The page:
The small-rooted and short-season types are cultivated for salads and as fresh vegetable. The large-rooted types are cooked, canned or pickled besides being eaten raw. The leaves and sprouts are used as salad or are cooked, too. The seed pods are cooked for soups in southwest China and Southeast Asia, the seeds are also pressed to extract oil.
The genus name raphanus, from the Latin raphanus (also raphanos meaning ‘radish’), derives from Ancient Greek ῥάφανος (raphanos), ῥαφανίς (raphanis). See also rháphys or rhápys meaning ‘turnip’.
The species name sativus is taken from the Latin sativus meaning 'sown’ or 'that which is sown' meaning cultivated. It is found in the binomial names of many domesticated plant species - sativus (masculine), sativum (neuter), or sativa (feminine).
The common name radish is from Middle English radiche, from Old English rædic, (compare Old French radise or radice), derived from Latin rādīx, or rādīc meaning 'root'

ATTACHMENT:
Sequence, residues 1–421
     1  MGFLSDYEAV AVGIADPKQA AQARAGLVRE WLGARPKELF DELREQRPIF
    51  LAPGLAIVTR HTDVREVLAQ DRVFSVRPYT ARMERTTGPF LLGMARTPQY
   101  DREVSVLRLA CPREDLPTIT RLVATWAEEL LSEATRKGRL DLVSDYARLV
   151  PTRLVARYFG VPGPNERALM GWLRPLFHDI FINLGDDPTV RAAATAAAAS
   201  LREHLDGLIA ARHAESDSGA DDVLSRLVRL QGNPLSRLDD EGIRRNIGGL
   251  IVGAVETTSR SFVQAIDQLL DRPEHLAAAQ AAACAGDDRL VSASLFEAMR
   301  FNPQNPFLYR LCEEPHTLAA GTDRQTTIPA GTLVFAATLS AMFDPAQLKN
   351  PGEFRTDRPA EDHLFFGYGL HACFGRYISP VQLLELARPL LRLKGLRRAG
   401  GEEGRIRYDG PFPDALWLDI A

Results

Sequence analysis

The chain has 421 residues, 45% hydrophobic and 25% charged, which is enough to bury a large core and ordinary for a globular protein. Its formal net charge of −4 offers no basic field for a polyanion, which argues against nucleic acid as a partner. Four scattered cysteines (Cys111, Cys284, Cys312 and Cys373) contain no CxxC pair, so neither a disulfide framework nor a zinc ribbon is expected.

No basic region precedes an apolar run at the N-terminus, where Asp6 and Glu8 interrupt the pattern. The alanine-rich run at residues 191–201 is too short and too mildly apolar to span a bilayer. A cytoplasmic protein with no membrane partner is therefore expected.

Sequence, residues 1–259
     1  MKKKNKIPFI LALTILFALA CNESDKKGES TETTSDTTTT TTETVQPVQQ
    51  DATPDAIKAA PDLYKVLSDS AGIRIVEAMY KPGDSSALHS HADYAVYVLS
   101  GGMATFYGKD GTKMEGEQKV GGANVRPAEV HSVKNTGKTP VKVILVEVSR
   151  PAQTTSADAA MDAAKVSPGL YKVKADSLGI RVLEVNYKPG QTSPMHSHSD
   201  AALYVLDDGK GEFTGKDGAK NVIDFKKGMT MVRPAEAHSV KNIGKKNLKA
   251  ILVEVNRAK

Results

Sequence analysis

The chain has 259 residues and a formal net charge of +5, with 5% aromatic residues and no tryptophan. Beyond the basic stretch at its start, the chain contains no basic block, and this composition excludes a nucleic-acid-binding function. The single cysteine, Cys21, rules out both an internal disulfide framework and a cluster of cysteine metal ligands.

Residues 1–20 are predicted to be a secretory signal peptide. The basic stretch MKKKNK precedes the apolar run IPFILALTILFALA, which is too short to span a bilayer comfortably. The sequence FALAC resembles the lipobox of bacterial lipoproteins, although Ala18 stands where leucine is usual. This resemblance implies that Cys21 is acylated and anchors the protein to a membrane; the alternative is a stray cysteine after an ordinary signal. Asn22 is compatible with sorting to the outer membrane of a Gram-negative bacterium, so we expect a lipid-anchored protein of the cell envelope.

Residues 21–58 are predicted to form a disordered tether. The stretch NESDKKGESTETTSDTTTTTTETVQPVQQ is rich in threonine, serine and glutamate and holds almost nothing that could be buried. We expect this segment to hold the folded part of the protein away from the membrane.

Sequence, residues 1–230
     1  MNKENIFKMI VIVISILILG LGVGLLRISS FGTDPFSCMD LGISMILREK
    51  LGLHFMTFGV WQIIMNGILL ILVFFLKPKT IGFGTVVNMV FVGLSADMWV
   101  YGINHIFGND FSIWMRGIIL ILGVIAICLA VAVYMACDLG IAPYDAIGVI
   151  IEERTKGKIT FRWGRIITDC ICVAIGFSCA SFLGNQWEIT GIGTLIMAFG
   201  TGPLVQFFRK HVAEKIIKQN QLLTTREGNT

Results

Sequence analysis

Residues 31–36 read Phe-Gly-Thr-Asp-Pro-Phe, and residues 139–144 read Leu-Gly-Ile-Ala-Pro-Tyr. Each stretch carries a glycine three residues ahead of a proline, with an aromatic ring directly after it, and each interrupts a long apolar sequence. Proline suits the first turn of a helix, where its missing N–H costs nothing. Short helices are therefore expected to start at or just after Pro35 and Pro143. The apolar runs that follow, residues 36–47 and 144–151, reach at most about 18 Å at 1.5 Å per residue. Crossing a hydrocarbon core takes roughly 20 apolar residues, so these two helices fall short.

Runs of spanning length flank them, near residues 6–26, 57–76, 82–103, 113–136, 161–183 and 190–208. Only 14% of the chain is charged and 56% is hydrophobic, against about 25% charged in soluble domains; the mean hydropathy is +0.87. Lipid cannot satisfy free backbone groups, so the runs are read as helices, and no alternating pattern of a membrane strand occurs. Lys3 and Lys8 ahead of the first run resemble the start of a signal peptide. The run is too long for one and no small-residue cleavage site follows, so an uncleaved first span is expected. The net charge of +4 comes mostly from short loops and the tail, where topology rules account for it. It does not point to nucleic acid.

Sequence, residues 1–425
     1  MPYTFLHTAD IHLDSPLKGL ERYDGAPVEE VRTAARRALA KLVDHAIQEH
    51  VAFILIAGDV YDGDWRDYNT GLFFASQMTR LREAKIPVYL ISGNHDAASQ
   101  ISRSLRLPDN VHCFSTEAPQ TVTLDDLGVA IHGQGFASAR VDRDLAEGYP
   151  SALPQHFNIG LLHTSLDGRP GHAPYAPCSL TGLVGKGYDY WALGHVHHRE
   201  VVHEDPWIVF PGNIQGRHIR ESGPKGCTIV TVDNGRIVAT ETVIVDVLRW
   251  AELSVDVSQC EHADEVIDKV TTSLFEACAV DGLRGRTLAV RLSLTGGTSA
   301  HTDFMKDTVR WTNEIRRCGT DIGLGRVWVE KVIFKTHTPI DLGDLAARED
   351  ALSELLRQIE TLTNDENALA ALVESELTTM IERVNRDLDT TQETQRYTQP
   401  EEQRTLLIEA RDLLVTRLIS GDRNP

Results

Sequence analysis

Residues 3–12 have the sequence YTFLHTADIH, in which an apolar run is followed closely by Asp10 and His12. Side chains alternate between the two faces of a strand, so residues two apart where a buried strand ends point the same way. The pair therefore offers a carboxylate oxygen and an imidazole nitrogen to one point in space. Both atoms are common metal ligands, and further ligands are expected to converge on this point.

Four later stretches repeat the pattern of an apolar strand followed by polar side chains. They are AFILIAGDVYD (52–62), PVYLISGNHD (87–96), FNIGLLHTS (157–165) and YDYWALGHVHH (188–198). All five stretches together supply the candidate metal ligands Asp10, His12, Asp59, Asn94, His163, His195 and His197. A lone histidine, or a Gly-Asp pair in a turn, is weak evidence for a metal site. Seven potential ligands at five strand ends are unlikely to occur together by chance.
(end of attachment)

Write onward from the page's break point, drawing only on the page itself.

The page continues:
The Black Spanish radish can be either round or elongated in shape. The round-shaped variety is sometimes called 'Noir Gros de Paris' or 'Nero Tondo', while the elongated variety may be called 'Black Spanish Long' or 'Black Mooli'.
It dates in Europe to 1548, and was a common garden variety in England and France during the early 19th century.
- Additional Information
Packet Size 5 grams Average Seed Count 500 Seeds Seed Form Natural Seeds per gram 100 seeds per gram Common Name Winter Radish.
Heritage variety (Europe 1558)
Family Brassicaceae Genus Raphanus Species sativus L. var. niger Cultivar Black Spanish Round Synonym Noir Gros de Paris, Nero Tondo D'inveno Hardiness Hardy Biennial Time to Sow Sow indoors from late winter or sow directly from late spring through to early autumn Harvest 55 days